1989: The Proving Ground

Wendy Wall: The Proving Ground

[out of print, but purchase used copies here]

This is a story, in part, about memory.

In 1989, I read something about Wendy Wall. I can’t remember what it was, but it may have been a review of a performance, or of her album. Or it may have been a blurb about new artists in Musician magazine. I can’t even tell what it was that struck me about it. I only know that my brain stored the name in the “musicians to check out” folder.

At least a few years later, I came across Wendy Wall’s album in a bargain bin, on CD. The price was right, so I bought it on spec. And when my wife and I got to listening to it, we discovered a new favorite artist. She had a distinctive voice, her songs had a good beat and a nice blend of acoustic and electric instruments in uncluttered arrangements and her lyrics were interesting.

Years went by, and I hoped to hear more about her, but I never did. She seemingly vanished off the face of the earth. I assumed it was the old story of an unknown artist who records one album on a major label, and then gets dropped into oblivion.

Then, this week’s theme was announced. I was thinking that the Wikipedia list gave me all the material I would need. But, just for fun, I started looking through my albums to see what else might have been released in 1989. And there was Wendy Wall. So, I wanted to see if I could find out more about her. I did not expect to find anything. But, there was her website. And there she tells her story. Was it the old story, as I had assumed? Yes. But now the old story had a human face and a richness of detail. And I found exciting news. Wendy Wall has a new album coming out in the spring. I know I’m going to be checking that out. and I’ll try to let everyone know what I find.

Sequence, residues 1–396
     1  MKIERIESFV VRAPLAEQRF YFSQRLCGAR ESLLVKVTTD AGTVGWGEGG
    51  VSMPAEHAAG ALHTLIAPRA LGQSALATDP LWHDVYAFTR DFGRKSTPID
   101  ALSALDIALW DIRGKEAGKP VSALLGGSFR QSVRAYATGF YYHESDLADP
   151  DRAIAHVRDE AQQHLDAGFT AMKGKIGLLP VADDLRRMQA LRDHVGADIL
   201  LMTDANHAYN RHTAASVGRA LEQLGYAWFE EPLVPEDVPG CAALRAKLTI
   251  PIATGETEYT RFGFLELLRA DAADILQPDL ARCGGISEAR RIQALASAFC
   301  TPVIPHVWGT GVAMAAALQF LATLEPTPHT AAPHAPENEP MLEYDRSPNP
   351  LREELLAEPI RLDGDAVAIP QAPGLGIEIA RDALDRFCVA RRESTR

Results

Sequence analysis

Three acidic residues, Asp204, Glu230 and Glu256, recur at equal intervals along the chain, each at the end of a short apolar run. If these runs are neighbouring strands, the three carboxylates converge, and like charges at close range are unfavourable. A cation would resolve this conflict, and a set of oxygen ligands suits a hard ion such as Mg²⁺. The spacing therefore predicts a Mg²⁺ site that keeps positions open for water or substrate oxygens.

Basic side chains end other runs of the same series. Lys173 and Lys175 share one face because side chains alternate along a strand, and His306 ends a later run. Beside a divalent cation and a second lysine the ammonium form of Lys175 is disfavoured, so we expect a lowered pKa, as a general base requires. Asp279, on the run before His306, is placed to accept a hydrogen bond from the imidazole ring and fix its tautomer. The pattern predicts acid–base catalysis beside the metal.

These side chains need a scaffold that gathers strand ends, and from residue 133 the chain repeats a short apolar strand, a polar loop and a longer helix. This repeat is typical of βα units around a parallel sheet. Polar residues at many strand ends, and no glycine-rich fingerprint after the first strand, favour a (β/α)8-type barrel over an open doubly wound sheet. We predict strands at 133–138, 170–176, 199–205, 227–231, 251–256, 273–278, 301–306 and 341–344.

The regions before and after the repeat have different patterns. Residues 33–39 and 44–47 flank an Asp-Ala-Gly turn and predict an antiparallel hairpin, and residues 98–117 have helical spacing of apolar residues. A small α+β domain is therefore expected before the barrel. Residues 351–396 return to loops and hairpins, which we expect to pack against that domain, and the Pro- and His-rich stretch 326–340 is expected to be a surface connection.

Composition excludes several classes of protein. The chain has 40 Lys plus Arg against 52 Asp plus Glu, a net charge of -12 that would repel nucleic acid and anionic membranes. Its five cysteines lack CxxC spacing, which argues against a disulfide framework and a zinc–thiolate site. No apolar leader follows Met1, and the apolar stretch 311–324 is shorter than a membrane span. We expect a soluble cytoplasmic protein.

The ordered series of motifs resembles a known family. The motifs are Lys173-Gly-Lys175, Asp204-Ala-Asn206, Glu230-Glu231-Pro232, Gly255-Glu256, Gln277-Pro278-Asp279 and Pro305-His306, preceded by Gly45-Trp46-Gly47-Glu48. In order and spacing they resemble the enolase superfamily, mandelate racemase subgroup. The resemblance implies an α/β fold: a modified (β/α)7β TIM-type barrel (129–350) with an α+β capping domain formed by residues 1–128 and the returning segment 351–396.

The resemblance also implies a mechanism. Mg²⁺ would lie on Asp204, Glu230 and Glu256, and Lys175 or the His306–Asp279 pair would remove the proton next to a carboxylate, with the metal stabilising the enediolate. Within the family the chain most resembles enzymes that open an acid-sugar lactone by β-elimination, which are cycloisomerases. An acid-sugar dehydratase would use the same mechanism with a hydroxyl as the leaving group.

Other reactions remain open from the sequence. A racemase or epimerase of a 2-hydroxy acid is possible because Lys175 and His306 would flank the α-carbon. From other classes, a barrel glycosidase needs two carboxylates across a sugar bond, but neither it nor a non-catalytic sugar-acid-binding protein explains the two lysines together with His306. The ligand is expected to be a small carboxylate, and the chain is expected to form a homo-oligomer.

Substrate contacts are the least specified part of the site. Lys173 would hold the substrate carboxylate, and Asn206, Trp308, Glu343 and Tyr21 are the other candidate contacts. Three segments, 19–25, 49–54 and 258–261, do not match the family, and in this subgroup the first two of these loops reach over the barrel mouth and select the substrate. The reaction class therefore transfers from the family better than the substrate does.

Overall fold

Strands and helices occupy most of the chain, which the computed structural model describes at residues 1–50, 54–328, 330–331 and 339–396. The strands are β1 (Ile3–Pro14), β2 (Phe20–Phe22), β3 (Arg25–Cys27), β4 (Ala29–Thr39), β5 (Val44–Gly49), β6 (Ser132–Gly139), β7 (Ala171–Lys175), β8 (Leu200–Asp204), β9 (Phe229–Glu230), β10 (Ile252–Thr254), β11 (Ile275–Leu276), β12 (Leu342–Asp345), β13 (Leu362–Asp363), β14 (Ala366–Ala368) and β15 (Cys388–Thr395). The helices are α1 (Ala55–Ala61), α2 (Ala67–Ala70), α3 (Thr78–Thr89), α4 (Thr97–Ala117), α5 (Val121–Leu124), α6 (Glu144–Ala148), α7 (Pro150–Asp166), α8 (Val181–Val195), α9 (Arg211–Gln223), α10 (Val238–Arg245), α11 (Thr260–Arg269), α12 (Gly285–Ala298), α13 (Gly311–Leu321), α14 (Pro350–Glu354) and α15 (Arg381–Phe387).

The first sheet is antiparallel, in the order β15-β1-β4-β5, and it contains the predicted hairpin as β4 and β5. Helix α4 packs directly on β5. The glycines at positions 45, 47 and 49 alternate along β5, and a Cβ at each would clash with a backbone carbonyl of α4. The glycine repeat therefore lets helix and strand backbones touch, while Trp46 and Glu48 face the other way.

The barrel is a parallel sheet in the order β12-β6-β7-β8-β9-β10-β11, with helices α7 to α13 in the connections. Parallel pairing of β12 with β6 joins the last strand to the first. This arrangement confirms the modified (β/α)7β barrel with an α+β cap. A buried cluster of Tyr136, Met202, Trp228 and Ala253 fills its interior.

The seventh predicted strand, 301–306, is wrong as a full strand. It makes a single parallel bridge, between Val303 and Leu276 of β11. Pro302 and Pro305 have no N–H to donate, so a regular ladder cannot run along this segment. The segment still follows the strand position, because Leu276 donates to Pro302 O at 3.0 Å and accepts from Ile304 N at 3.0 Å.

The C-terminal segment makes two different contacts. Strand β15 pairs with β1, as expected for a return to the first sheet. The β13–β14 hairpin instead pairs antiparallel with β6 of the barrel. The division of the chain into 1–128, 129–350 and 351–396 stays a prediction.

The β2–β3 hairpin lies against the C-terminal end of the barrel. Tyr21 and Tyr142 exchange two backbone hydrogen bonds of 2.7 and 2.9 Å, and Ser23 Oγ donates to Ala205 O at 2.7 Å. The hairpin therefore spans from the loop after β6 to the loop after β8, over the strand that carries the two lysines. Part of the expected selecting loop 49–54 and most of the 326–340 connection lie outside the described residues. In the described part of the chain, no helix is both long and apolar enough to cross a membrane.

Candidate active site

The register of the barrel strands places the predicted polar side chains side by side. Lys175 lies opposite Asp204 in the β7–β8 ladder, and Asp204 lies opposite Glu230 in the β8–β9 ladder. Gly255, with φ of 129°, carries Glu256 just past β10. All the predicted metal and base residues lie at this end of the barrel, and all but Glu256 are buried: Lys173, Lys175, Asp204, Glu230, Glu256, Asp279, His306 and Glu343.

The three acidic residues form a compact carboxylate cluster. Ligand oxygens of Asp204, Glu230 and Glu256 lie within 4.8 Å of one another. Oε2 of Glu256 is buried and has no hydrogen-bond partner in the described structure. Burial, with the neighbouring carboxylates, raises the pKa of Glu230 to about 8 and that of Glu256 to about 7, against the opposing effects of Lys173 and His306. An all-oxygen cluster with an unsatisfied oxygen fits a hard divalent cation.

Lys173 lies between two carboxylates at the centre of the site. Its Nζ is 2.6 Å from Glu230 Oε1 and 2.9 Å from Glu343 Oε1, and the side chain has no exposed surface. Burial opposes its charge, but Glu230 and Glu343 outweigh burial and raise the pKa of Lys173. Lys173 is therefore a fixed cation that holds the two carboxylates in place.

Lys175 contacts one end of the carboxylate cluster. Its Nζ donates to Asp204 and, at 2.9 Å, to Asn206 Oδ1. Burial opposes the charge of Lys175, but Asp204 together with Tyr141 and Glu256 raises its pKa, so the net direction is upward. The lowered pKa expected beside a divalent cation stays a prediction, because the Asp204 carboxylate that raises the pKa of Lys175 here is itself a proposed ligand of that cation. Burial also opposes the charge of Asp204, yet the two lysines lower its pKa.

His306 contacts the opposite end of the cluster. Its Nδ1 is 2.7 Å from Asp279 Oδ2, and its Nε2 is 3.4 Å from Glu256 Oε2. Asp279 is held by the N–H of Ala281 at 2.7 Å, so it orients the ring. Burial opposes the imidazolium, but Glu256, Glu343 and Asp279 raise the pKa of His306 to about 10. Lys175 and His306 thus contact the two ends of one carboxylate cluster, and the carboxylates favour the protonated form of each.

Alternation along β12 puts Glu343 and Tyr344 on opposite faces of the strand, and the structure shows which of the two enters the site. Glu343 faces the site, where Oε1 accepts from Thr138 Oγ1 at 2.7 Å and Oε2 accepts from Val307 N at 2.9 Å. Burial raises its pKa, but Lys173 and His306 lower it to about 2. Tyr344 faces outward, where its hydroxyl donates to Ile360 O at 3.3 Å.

Wednesday, February 11, 2009

1989: God's Comic

Elvis Costello: God's Comic


In the early days of my involvement with this blog, Elvis Costello was ubiquitous, but we haven't heard from him a little while now. Following a string of seven almost flawless albums, Costello started to look more like a mere mortal in the mid-80's. Nineteen-eighty-nine's Spike was a bit of a hodge-podge and I agree with many critics that it doesn't hold together very well as an album. But, what the critics miss is that Spike has so many amazing singles on it. Yes, they sound like they were written in different times and in different styles, but as singles many of these songs are among the best Costello ever wrote. In that spirit, I consider Spike to be Costello's last great album of his coming of age period.

That's my stand and I'm sticking to it. God's Comic is one of those songs that makes this album worth owning.

1989: Rhett Miller's Mythologies

Rhett Miller: Candy Apple Corkscrew Hair
Rhett Miller: Iron Child


Like most people, I first came to know Rhett Miller through his work with Alt-Country icons, The Old 97's. When Rhett released The Instigator in 2002, I was under the impression that it was his first solo album. I thought this to be true for quite a while until I stumbled upon something called Mythologies.

It seems that an 18-year-old Rhett Miller recorded and released the album with an extremely limited run in 1989. Who knew?

The album itself is mostly an acoustic affair featuring Rhett on vocals and guitar with future Old 97's bandmate Murry Hammond as producer. Hammond also appears on most of the album's 13 tracks. It's a fairly straightforward album that never quite reaches the heights Miller and Hammond would later achieve with their more famous collaborations. Still... it offers an interesting look at Miller's early songwriting efforts and is (mostly) an enjoyable listen.